Changing my environment really made a huge difference in my peace of mind. If you are feeling isolated because your spouse is foreign–OR if you are an expatriate and feeling isolated because YOU are the only foreign spouse among friends, I strongly recommend that you seek places where you can meet other couples like yourselves. This might include language classes, expat social groups, churches with diverse congregations. Seek SOME groups, because you are definitely not alone. Why feel like you are?

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Challenges in Intercultural Marriages

I just read an excellent article on obstacles for partners in intercultural marriages. The author is Christine Benlafquih. This article is SO true of the obstacles my husband and I had.

If you are thinking about marrying a person from a culture or country foreign to your own, I strongly recommend reading this article. I wish I had seen more information like this in the early days of our relationship!

Cross-cultural Marriage Advice: Tips for Successful Intercultural Relationships

People from any two cultures are likely to face these issues. This author focuses on the issues that form cultures and makes cultures different. It’s these differences that most excite people in the early stages of intercultural relationships, but challenge them in later stages!

Does My Foreign Fiance Just Want a Greencard?

Please Note: I am not an attorney. This is not legal advice. Do not take this post as legal advice, as each case is unique. This post is a story about my experience with my spouse during the process of getting my husband’s marriage-based greencard in the US.

If your relationship shows all the signs of a healthy relationship–communication, each partner likes spending time with the other, interaction with each other’s family and friends, and so on, you probably don’t need to worry over this issue. Remember, people in most countries of the world are very patriotic and would NOT want to live in the US. People in poorer countries where life is a challenge often want to come to the US, Canada, Europe, Australia, and so on to make a living–but they most often do this through student visas, tourist visas, and work visas, not by trying to scam natives into marriage!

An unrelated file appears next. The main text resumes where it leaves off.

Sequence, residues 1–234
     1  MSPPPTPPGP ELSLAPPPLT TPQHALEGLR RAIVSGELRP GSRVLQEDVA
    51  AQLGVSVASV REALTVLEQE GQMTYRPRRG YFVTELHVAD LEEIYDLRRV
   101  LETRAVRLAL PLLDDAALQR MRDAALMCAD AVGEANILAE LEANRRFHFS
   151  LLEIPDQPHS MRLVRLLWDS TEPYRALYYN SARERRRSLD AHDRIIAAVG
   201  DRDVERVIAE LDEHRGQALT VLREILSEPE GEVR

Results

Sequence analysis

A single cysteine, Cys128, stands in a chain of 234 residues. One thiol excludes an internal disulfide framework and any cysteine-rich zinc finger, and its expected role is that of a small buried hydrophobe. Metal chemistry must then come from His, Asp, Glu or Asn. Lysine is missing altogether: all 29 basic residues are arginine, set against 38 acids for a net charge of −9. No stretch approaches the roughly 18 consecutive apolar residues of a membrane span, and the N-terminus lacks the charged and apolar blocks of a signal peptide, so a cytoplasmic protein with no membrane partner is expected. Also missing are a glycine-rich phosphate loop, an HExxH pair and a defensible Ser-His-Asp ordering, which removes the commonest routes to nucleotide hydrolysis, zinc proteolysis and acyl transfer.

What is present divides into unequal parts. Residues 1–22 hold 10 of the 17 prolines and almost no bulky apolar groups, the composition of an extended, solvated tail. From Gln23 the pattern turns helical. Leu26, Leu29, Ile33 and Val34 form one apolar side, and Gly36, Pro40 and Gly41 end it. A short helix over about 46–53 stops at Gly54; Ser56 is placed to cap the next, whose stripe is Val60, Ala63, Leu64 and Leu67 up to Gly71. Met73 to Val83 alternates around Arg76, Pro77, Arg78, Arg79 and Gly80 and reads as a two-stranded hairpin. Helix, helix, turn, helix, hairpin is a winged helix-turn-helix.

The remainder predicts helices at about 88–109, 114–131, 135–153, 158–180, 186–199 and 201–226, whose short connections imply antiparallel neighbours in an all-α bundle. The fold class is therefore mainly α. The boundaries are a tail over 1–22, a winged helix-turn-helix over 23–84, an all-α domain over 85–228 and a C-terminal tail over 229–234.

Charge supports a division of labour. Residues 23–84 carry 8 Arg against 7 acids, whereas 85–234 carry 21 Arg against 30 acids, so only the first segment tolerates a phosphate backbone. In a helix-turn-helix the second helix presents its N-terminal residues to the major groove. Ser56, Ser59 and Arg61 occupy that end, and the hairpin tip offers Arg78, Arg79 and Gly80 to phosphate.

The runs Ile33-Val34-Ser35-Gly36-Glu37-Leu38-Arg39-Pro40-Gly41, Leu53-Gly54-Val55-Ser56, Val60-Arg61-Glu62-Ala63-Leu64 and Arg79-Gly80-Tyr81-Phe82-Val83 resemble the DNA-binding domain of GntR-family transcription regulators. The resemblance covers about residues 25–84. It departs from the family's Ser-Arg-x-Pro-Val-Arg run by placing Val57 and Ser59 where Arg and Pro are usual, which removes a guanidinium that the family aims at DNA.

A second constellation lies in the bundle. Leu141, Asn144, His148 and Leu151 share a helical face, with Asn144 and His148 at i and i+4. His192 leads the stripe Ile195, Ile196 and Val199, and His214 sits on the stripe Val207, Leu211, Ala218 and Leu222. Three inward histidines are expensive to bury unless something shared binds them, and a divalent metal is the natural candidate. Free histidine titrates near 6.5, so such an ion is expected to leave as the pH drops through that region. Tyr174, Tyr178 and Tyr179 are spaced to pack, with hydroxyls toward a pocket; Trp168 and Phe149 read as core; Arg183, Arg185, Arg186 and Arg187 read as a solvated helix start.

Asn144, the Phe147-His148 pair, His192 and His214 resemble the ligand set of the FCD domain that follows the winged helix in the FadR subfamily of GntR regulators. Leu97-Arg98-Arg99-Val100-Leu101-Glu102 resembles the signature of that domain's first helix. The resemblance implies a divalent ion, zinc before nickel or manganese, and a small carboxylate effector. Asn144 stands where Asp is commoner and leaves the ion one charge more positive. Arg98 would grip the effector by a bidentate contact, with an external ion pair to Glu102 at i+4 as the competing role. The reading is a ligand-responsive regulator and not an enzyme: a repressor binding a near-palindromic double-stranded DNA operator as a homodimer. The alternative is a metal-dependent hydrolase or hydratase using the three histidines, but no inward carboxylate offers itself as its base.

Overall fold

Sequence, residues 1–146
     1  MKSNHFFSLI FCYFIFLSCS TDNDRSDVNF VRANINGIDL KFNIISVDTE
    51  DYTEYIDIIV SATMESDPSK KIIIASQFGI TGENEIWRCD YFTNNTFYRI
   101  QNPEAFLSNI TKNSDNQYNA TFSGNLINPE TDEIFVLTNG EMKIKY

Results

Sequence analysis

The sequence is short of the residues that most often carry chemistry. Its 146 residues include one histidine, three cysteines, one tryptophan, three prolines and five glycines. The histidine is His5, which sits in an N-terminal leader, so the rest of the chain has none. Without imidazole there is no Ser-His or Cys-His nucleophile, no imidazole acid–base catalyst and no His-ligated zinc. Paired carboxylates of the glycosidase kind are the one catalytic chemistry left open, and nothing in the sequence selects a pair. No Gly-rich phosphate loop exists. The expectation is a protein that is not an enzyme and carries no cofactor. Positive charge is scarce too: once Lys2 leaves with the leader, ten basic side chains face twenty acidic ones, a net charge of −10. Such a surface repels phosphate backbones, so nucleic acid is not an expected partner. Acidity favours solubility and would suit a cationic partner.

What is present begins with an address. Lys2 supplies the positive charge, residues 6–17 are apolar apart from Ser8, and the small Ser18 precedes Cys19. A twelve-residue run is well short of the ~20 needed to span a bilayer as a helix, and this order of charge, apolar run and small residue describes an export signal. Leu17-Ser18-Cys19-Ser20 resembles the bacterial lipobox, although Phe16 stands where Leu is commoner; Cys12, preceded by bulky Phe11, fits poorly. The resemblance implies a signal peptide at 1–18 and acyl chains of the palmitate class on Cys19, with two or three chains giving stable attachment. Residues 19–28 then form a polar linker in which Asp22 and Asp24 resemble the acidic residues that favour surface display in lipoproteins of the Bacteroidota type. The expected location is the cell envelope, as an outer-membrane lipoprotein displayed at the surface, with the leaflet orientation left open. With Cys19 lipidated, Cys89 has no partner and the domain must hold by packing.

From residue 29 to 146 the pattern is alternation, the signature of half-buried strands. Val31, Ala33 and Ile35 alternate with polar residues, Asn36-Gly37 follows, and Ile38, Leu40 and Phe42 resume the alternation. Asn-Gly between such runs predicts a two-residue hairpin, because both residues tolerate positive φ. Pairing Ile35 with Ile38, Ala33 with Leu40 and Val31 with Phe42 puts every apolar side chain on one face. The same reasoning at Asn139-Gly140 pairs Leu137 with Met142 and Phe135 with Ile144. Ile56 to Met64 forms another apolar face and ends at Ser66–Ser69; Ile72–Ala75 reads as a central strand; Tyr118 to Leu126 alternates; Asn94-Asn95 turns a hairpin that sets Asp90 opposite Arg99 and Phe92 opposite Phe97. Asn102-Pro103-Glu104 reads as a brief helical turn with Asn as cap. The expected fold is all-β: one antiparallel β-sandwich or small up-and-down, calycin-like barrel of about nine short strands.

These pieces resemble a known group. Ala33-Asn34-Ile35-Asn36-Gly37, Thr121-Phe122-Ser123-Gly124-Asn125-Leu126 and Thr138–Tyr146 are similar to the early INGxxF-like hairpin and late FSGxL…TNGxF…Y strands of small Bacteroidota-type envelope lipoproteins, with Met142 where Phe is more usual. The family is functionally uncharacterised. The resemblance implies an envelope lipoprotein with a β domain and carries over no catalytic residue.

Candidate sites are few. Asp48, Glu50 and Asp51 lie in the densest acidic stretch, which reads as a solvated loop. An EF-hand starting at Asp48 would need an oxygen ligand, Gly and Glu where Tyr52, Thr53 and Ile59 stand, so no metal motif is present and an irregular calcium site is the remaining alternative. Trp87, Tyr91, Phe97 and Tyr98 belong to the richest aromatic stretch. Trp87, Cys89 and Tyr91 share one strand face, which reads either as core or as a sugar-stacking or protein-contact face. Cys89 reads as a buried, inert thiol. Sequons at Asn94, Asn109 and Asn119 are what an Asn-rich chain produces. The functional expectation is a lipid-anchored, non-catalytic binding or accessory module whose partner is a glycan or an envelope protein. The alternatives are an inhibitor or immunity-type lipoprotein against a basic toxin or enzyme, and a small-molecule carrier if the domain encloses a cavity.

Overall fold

However, there are situations when people get duped in relationships for legal permanent residency in a country–like a greencard in the US, landed immigrant status in Canada, and so on. So, it doesn’t hurt to evaluate your relationship for signs just in case. When a partner is getting scammed, there are usually signs. Here are some signs that a partner may be trying to scam you (or that he or she may just be an undesirable partner!):

  1. He or she asks you for a lot of help pretty early in the relationship. Sure, partners ask for help sometimes. However, in the scam marriages, the dishonest partner was asking for WAY too much help early in the relationship–buy me a plane ticket, call me because I just can’t ever call you, I can’t use email because I need you to buy me a computer, I need new clothes, I can’t pay my rent, etc. (Note: My husband needed a little help when we were dating because his visa status didn’t allow him to work. But he LOVED me, so he almost never asked. And tried hard to refuse my help and figure out other ways. And he showed NO other signs below–he was attentive and warm always.)
  2. He or she tries to rush you into marriage.
  3. He or she tries to make you feel guilty for needing time to make a decision.
  4. He or she hasn’t introduced you to friends or relatives, or if they are in a different country, hasn’t even told them about you. If you are really suspicious, see how he or she reacts when you insist on marrying in their country in a ceremony attended by their family and friends.
  5. This person has lied to you about different things. (A liar is a liar and will be dishonest for many reasons, not one.)
  6. This person doesn’t do things a person in love would tend to do–call often, ask you on dates a lot, want to sit and talk to you for long periods of time, hold your hand, act affectionate, try to help you in different situations.
  7. Your friends tell you this person seems rude or seems to be using you. Even if you are blinded by love, your friends and family probably won’t be. A healthy partner in love will NOT treat you poorly. (Of course, it’s possible that a partner is mean, yet does NOT want a greencard. But who needs a mean partner regardless??)
  8. Your “partner” claims to love you but treats you very differently from how he treats his or her friends and family. He or she spends lots of time with friends or family, but barely has any time for you (though lots of excuses!).